Deb Aoki thinks RED SNOW is magical.

The Bottom Line - Manga    |    Deb Aoki    |    November 16, 2009

Lust-filled monks and farmers' wives rub shoulders with kappa, kitsune and forest gods in Red Snow, a collection of charming, yet dark fables for grown-ups.

Compared to the gritty, urban gekiga tales of Yoshihiro Tatsumi, Red Snow offers similar themes of sex, depravity, obsession and innocence lost but with rural, pre-industrialized Japan as its backdrop. Katsumata deftly mixes humor, fantasy and melodrama and wraps it all up in surreal, sensual and distinctively Japanese imagery. A gekiga gem that's magical, memorable and utterly unforgettable.


-Charming fables for grown-ups that mix myth, humor, romance, sex and melodrama
-Deftly mixes the hardships of rural life with whimsical flights of fantasy
-Simple yet delightful artwork that offers moments of wry comedy and poetic grace
-Katsumata is an equal opportunity storyteller who creates engaging male and female characters
-Gorgeous, gift-worthy hardcover edition gives Katsumata's art the first-class treatment it deserves


-While mostly stylized and suggestive, some sex scenes include descriptions of rape and violence
-Several not-so-common Japanese words and cultural references are left without annotation
-Includes strong language and mature situations, so it's not for younger teens

Guide Review - Red Snow

Before it known was the land of high-tech innovations, Japan was a land of forests, mountains, seashores and rice paddies. Sure, there were samurai and merchants, but there were also hardworking farmers, craftsmen and laborers who struggled to keep a roof over their heads, and food on their tables.

It's in this world that Susumu Katsumata set Red Snow, his collection of gekiga-style short stories. While the gekiga of Yoshihiro Tatsumi focuses on a relentlessly grim vision of urban Japan, Katsumata's Red Snow depicts sex, scandals and depravity in the Japanese countryside but also moments of nostalgia, magic and slice-of-life humor.

Many stories in Red Snow seem similar to fables -- but with an adult twist. Desire is a pervasive theme in these stories, expressed as young love, pre-pubescent flirting, sexual abuse and perversity. Young and old, men and women alike are depicted as unabashedly sexual beings, sometimes in surprising ways.

In Pulp Novel About a Sack, a traveling monk visits a village where the men have left to work as migrant laborers. While the monk attends to the townswomen's spiritual well-being, women want him to attend to their other needs, and it may be more than he can handle.

With its matter-of-fact approach to sex, Red Snow has an earthy, sensual quality to its storytelling. These stories were created when Katsumata was in his later years, so he doesn't shy away from depicting middle-aged men and women as unabashedly sexual beings who have desires just like young adults.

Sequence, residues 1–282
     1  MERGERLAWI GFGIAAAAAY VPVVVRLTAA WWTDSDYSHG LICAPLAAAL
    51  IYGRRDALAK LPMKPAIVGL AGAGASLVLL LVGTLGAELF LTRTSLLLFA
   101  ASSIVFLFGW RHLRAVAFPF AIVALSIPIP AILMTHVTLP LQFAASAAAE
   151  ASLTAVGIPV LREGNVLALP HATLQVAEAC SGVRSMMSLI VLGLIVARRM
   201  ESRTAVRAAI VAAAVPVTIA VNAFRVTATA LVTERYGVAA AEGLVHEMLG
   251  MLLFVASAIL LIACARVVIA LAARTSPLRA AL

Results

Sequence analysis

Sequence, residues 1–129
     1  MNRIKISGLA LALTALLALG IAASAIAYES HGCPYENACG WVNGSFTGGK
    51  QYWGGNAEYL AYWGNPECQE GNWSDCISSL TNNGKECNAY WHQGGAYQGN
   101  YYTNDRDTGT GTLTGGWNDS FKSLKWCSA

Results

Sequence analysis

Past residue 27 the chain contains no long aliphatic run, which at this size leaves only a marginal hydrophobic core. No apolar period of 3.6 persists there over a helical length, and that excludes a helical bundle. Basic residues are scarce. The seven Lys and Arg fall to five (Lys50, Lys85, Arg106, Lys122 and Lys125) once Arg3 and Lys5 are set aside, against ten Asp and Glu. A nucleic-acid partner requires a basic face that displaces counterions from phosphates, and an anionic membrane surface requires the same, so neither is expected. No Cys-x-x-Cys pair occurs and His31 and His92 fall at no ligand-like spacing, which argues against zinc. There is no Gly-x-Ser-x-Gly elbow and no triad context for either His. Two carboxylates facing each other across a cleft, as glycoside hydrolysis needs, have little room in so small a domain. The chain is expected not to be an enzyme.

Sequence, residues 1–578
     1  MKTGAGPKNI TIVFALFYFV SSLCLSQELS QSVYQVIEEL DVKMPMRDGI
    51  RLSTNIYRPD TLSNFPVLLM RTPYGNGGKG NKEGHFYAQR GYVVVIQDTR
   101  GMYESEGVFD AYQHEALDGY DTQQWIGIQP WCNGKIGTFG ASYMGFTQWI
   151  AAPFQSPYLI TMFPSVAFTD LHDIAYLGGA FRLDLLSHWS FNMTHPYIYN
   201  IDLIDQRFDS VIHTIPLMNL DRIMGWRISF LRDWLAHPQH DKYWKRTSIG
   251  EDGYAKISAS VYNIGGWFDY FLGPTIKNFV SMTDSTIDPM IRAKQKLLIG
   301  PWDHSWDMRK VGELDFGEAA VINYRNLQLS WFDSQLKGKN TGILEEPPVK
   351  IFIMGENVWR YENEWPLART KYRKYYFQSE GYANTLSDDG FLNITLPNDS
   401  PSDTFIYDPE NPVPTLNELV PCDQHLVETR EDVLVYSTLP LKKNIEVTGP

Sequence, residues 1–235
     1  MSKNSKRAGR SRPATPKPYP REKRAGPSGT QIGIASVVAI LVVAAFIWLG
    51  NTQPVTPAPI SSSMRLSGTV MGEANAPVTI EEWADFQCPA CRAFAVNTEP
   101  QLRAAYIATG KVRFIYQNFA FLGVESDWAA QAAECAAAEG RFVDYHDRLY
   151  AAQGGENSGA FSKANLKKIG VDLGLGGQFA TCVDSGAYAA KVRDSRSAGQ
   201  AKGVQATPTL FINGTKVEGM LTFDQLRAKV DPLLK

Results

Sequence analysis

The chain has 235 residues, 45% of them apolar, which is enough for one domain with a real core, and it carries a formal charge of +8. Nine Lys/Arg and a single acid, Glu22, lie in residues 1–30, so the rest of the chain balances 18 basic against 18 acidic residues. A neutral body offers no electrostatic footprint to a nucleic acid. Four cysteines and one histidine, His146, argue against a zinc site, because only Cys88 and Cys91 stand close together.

But that's not to say that Red Snow is pornographic -- sure, there's some strong language and mature themes that make it unsuitable for younger readers, but Katsumata depicts these scenes tastefully by using clever visual metaphors, like a bottle of sake yeast that pops open in the snow, or a woman's foot peeking out from under a flowing sheet to suggest intimacy.

The other theme that pervades Red Snow is wistful nostalgia for pre-industrialized Japan, when life was harder, but also simpler and a little more magical. In several stories, talking tanuki (raccoon dogs) and kappa (water spirits) interact with humans to bring a touch of fantasy, humor and uniquely Japanese charm to these otherwise dark fables of human desires.

Katsumata originally drew yon-koma (four panel comic strips), so his use of exaggerated facial expressions shows his 'gag comics' roots. But there are also numerous examples of Katsumata's artistry. The Dream Spirit displays Katsumata's mastery of page and panels, as he draws a monk transforming himself into a crow to seduce a woman. Robes fly and passions flare in a scene that is surreal, sensual and quite beautiful to behold.

Red Snow is not your typical manga collection, but for fans of gekiga, indie comics and folk tales, Katsumata offers an unforgettable glimpse into a Japan that is rarely seen and is rapidly disappearing. A gekiga gem for grown-ups that will surprise and delight fans of comics and Japanese culture.

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